The Dulanys of Welbourne: A Family In Mosby’s Confederacy, edited by Margaret Ann Vogtsberger, Rockbridge Publishing Company, Berryville, Va., $32.
Civil War enthusiasts often get so caught up in the strategy and tactics of battles that they can lose sight of the fact that the soldiers who fought them were not faceless automatons. They had families and friends who loved and cared about them.
Occasionally, a book will come along that reminds even the most callous armchair strategist that wars are fought by real people, and that any war touches the lives of many more human beings than just those who do the actual fighting. Margaret Ann Vogtsberger’s The Dulanys of Welbourne is such a book.
In 1861, Richard H. Dulany raised and personally equipped a company of mounted troops and left his ancestral home, Welbourne, to follow the secessionist course set by his native Virginia. Dulany, who eventually rose to the rank of colonel of the 7th Virginia Cavalry and temporary command of the famed Laurel Brigade, left behind five children and a large extended family when he went to war. Even though it was difficult to subject his children to the possible lossof their father after their mother had died recently (in 1858), Richard felt that honor and duty demanded that he serve his state.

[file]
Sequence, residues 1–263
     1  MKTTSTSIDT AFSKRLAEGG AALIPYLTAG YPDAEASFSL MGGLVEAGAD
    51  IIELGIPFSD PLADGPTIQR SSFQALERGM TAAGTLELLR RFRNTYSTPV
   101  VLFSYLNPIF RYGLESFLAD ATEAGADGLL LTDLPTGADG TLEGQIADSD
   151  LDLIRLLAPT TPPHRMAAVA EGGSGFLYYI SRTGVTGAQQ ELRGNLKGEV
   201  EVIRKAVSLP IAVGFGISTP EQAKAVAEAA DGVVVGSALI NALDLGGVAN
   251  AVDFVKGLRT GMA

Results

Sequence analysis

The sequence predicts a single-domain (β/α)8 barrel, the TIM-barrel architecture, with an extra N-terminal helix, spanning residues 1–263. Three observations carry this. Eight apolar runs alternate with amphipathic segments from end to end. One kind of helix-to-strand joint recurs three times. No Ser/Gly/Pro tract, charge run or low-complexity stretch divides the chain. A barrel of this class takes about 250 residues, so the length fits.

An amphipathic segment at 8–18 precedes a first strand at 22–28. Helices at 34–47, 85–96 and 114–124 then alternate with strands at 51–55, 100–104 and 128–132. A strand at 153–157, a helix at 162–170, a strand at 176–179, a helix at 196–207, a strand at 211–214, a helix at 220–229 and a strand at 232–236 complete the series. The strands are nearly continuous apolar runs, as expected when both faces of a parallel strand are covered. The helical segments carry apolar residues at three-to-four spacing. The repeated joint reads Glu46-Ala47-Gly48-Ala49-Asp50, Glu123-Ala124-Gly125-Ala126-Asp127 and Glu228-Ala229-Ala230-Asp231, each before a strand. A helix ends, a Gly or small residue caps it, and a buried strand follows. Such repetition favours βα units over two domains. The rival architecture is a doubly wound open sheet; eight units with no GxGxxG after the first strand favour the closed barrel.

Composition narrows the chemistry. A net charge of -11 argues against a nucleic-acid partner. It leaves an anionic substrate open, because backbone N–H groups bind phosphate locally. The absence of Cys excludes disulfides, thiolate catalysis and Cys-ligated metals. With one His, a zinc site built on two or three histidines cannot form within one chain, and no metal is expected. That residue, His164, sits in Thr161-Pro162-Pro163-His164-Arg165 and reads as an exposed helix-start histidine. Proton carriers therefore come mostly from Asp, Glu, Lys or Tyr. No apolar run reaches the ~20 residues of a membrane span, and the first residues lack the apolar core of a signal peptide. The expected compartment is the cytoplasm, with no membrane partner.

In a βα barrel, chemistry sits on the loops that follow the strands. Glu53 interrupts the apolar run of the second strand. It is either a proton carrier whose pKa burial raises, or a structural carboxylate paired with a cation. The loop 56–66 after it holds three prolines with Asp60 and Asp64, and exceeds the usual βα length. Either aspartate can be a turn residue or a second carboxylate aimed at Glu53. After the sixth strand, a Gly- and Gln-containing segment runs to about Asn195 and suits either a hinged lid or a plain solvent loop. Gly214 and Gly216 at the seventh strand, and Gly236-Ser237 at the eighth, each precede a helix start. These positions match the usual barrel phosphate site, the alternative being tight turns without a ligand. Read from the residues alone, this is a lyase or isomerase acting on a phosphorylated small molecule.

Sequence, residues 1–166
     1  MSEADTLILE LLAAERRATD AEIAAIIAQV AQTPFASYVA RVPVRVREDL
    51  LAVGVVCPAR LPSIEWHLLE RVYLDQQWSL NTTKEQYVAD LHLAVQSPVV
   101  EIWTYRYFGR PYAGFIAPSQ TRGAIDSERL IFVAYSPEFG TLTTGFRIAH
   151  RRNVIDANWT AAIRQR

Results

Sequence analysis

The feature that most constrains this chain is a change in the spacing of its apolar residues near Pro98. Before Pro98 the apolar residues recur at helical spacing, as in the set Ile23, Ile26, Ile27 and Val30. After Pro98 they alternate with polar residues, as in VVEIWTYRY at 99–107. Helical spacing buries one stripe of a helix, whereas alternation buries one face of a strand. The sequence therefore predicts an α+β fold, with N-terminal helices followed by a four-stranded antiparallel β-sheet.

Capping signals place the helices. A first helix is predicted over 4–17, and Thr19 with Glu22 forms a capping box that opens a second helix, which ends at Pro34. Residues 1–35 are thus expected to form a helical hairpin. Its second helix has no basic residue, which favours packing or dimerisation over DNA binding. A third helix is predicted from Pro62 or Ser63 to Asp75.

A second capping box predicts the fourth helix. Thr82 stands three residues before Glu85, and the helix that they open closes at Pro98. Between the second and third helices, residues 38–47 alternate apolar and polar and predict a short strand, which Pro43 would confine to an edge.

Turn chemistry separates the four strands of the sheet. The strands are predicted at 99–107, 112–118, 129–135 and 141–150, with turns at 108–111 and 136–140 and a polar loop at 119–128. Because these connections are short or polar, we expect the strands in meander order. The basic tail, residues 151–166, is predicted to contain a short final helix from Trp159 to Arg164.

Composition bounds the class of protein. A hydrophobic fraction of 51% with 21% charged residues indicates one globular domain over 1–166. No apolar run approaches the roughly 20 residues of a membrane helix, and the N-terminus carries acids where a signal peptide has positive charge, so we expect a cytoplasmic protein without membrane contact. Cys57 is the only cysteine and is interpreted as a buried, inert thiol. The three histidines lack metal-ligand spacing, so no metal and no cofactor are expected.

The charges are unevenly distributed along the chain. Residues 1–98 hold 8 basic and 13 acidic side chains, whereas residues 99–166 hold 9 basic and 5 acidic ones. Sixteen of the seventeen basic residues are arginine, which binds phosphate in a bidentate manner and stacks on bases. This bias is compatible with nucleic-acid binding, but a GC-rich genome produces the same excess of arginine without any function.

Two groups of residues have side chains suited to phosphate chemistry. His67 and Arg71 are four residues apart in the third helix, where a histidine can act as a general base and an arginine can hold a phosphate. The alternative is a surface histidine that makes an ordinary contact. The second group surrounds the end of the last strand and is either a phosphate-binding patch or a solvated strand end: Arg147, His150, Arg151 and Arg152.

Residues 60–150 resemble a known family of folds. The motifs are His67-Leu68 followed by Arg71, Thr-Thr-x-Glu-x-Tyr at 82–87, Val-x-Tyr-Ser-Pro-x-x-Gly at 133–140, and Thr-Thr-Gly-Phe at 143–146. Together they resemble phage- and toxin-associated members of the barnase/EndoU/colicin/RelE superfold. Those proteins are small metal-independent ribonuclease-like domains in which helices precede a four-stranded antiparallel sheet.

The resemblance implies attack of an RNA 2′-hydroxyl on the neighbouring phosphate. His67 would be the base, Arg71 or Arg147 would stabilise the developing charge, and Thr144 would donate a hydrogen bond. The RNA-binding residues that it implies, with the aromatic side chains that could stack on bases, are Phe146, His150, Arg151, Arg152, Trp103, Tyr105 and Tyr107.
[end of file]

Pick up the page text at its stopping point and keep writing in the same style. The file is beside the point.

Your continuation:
Vogtsberger has done a marvelous job of bringing the Dulany family to life through the judicious use of letters, diaries and private journals. The family’s correspondence shows a full range of emotions. Running through the text like a common thread is Welbourne itself, the large, spacious family home nestled near the foot of the Blue Ridge Mountains outside Middleburg, Va. The reader is also introduced to Confederate Colonel John Singleton Mosby and his vaunted Partisan Rangers, who were frequent visitors to the safe haven that Welbourne provided between forays.
One of the best features of the book is its layout. The notes are included in the margins of the pages, eliminating the sometimes annoying necessity of having to leave a particularly interesting sentence or paragraph to turn to the back of the book. This, coupled with large, clear text, makes the book easily readable.
Welbourne, which stands today, remains in the Dulany family and is open to the public as a bed-and-breakfast inn. Thus, readers may step back in time and visit the site of many of the incidents brought to life in the words of the Dulanys and their war-time visitors. The Dulanys of Welbourne is a delightful read.
B. Keith Toney